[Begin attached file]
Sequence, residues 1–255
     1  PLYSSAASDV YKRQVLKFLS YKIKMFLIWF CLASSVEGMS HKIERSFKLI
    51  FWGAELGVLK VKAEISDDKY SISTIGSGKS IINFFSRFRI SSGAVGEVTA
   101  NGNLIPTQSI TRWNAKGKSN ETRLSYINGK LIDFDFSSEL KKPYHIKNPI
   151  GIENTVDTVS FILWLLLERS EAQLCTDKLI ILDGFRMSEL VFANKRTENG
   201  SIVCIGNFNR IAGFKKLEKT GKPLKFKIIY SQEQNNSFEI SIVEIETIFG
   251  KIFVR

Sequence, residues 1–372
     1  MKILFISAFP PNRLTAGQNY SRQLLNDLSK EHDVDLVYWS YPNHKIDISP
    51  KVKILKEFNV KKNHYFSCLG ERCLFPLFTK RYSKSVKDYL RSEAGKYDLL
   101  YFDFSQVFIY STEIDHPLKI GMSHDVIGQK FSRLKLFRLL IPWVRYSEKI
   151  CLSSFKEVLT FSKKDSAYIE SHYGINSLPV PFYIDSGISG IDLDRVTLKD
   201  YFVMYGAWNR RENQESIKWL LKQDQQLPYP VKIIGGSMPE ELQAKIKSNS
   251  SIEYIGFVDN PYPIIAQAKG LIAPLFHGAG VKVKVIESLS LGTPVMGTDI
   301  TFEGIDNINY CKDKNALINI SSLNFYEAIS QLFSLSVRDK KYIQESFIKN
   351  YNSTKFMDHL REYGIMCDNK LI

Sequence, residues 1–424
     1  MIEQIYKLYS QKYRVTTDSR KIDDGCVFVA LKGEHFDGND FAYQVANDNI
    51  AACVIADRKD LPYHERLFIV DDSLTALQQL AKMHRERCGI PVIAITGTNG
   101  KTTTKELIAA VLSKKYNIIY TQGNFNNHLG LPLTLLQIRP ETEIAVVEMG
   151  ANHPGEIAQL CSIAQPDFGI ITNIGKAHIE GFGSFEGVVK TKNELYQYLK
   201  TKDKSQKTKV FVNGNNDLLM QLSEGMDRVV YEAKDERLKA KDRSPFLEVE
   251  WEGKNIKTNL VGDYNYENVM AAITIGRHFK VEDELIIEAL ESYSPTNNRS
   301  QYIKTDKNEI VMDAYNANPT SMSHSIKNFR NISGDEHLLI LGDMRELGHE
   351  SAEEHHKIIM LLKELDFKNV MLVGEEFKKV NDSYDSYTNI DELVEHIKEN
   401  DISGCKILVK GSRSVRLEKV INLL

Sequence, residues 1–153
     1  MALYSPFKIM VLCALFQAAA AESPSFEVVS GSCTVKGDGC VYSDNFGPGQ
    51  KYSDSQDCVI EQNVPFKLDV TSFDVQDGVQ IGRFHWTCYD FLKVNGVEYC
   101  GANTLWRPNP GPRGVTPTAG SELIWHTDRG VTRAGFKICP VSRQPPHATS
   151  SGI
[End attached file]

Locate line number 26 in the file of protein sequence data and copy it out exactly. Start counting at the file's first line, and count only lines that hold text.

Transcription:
   401  DISGCKILVK GSRSVRLEKV INLL